A Novelist Revisits a Deadly Textile Union Strike From 1929

A novel set in the context of the historic Gastonia strike of textile workers in 1929 and featuring labor songwriter and indigenous strike leader Ella May Wiggins, the book, based as it is on an actual struggle uniting black and white workers, speaks to contemporary concerns through a vivid portrayal of struggle against historical injustice.
Amy Rowland
November 19, 2017
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https://www.harpercollins.com/9780062313119/the-last-ballad#

 

In 1929, the National Textile Workers Union tried to gain a Southern stronghold, beginning with the Loray Mill in Gastonia, N.C. Many workers, pushed to near impossible production while fearing loss of pay or, worse, "an arm or a hand or a finger or three," joined the union. The mill owners refused to negotiate and most of the 1,800 strikers reluctantly returned to work.

 

The Last Ballad
By Wiley Cash
William Morrow/HarperCollins Publishers, 378 pages
Hardcover:  $29.99
October 3, 2017
ISBN: 9780062313119 - ISBN 10: 0062313118

 

When armed citizen deputies and police officers entered the tent village of the holdouts, shots were fired. Gastonia's police chief was killed. The events of this summer of struggle are recovered in Wiley Cash's vigorous third novel, "The Last Ballad." The book begins with a newspaper ad, calling on every citizen to "do his duty" against the strike, which has been organized by "Communists" and "Bolshevists" who "do not believe in our God, our Constitution or our government" and are ready to "kill, kill, kill."

Ella May Wiggins is trying to keep four children alive on $9 a week. As Cash portrays her, "with lint hung up in her throat and lungs like tar," Ella is a tough 28, a skilled spinner at American Mill No. 2, owned by the Goldberg brothers, who are considered "white but not American" and are tolerated by locals as long as their workers are treated as poorly as those at other mills. The employees at No. 2 may even make a little less, since it is the rare mill with an integrated work force. Housing remains segregated, though Ella heads the one white family living in Stumptown, the black residential neighborhood.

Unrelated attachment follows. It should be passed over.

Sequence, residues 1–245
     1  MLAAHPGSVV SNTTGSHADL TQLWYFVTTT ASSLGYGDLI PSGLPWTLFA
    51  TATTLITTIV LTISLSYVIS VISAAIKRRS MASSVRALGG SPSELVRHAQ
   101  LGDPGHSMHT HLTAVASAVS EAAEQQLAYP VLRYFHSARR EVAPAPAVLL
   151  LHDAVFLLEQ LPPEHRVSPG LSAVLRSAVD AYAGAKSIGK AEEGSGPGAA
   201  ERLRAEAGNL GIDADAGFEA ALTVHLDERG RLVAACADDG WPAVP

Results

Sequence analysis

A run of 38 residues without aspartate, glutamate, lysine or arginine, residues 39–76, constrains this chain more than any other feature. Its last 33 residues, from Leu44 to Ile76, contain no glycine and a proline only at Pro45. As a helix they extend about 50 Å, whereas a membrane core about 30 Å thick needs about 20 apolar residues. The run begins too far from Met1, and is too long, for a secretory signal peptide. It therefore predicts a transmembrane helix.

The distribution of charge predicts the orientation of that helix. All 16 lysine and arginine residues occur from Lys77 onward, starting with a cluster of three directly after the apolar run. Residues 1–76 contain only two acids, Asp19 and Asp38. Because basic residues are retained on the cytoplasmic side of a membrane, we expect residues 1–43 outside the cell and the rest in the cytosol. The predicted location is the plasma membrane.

Cash's Ella is based on the union organizer and balladeer of the same name, though her story certainly wasn't taught in any North Carolina schools this reviewer attended. She was a known folk hero to some: Alan Lomax published her ballads and Pete Seeger recorded them. Now Wiley Cash has given her a powerful book that speaks to contemporary concerns through historical injustice.

Caught between caring for a sick child (one has already died of whooping cough) and missing mandatory 12-hour shifts, Ella decides to attend a rally, and causes a sensation when she sings one of her own songs, "The Mill Mother's Lament." She becomes an organizer, seeking to bring both white and black workers into the union, which doesn't go over well with many people, including some labor leaders. After a Gastonia rally, Ella's truck is run off the road, and things turn just as violent as you might expect.

Though Ella is the central figure, the story is told from alternating perspectives, including that of a black train porter, a mill owner and a mill owner's wife, who has a slightly far-fetched awakening of sympathy for working women. In the only contemporary and first-person passages, Ella's now elderly daughter fills in her nephew, and the novel's readers, on the tragic details of her mother's life.

It is in fashion to rely on factual evidence or autobiographical detail to bolster fiction, which is now considered even by some novelists to be "artificial" or "embarrassing." Leaning on the "real" can yield a mesmerizing verisimilitude, but it can also limit imagination. In the retelling of the Loray Mill strike and the courageous role of Ella May Wiggins, Cash vividly blends the archival with the imaginative. As the historian Perry Anderson has noted, good historical fiction has the ability "to waken us to history, in a time when any real sense of it has gone dead." When the willingness to suspend disbelief has taken on a new and sinister meaning, we not only need the novel of well-known history, we need the lost-to-history novel. Cash, with care and steadiness, has pulled from the wreckage of the past a lost moment of Southern progressivism. Perhaps fiction can help us bear the burden of Southern history, which is pressing down hard on us today.

[Amy Rowland is the author of a novel, "The Transcriptionist," and a lecturer at the University Center for Human Values, Princeton University.]

November 23, 2017